The TSP’s International Fund, or I Fund, tracks the MSCI EAFE index, which includes equities from foreign developed markets mainly in Europe and Japan.
Over the past year, the S&P 500, which is the index that the C Fund tracks, has outperformed the MSCI EAFE index by nearly 13%:
As the chart shows, however, the equal-weight version of the S&P 500 has returned far less than the normal capitalization-weighted S&P 500, and basically the same amount as the MSCI EAFE.
This is because, as I described in recent articles, the S&P 500 is extremely concentrated lately, with the top 5 stocks outperforming most other stocks, and accounting for 20-25% of the entire 500-company index.
So, if it wasn’t for the top few mega-cap companies like Apple, Amazon, Alphabet, Microsoft, Facebook, and a few others in the tech/internet space, U.S. stock market performance and the European/Japanese stock market performance would have been pretty close over the past year. Those trillion-dollar U.S. mega cap companies are mostly what is making up the difference. There aren’t very many big software/tech giants in Japan and Europe to pull up their equity indices like the S&P 500 has.
If we look at developed international markets vs emerging markets, emerging markets are also outperforming developed international markets over the past year by a sizable margin:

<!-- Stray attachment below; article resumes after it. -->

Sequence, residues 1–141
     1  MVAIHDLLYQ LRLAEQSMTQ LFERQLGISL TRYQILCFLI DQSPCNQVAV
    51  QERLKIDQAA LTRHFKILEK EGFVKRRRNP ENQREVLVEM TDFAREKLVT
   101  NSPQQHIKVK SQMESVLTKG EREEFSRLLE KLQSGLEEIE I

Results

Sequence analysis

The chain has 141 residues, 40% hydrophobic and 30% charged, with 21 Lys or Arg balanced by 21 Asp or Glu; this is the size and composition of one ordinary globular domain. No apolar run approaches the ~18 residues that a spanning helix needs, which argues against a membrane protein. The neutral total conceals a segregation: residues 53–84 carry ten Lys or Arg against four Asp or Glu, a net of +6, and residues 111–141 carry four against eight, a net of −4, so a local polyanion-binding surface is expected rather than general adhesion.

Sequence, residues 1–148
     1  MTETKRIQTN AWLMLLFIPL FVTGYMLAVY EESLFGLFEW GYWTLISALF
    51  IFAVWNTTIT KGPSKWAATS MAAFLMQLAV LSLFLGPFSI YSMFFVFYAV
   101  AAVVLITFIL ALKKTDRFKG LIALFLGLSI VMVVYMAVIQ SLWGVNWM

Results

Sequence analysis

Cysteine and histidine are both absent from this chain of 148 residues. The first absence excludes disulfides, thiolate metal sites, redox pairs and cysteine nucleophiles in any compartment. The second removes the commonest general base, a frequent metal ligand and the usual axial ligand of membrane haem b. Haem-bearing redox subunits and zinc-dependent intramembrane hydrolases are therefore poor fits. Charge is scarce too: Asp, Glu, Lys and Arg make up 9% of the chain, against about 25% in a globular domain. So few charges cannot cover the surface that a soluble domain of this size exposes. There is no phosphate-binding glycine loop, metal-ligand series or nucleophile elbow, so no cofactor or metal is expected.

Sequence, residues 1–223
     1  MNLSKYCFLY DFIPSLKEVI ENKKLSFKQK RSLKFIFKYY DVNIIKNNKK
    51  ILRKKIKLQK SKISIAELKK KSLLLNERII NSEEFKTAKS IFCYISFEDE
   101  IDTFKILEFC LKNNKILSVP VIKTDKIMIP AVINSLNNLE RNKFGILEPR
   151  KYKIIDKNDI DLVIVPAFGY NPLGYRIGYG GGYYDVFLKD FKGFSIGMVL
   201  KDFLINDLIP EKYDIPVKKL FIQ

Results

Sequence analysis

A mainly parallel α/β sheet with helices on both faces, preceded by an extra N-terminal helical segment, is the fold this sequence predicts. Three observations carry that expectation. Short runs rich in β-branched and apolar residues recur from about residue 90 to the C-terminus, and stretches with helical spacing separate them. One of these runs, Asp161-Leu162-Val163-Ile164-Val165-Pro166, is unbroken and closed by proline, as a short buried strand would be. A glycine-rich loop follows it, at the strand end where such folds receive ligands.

This is ironically because emerging markets do have mega-cap tech stocks. China has Alibaba and Tencent, two companies each worth over $600 billion, which are the big cloud, e-retailer, social network, and digital payment platform companies of Asia. These are similar to their U.S. tech counterparts in many ways, like a blend of Amazon, Facebook, Paypal, and so forth. The emerging market index also has the giant Taiwan Semiconductor Manufacturing Co, as well as the Korean tech conglomerate Samsung and several software companies in India. Due to these and other companies, the emerging market index actually has more tech/internet exposure than the foreign developed markets index.
The biggest companies in the EAFE index are Nestle, Roche, and Novartis- big consumer products and healthcare companies that don’t grow as quickly as these tech giants do in the United States and emerging markets.
The I fund was planning to add emerging markets to their index for the past few years by switching to a broader worldwide index and away from the MSCI EAFE index, but that has been put on hold due to concerns from politicians about investing any federal retirement system money into China. The United States and China have had an increasingly tense geopolitical relationship in recent years.
Some of those Chinese companies do invest in U.S. companies, however. Tencent, for example, owns a multi-billion dollar stake in Tesla, and owns several popular U.S. video game producers.
TSP C Fund Back to All-Time Highs (Aug 19)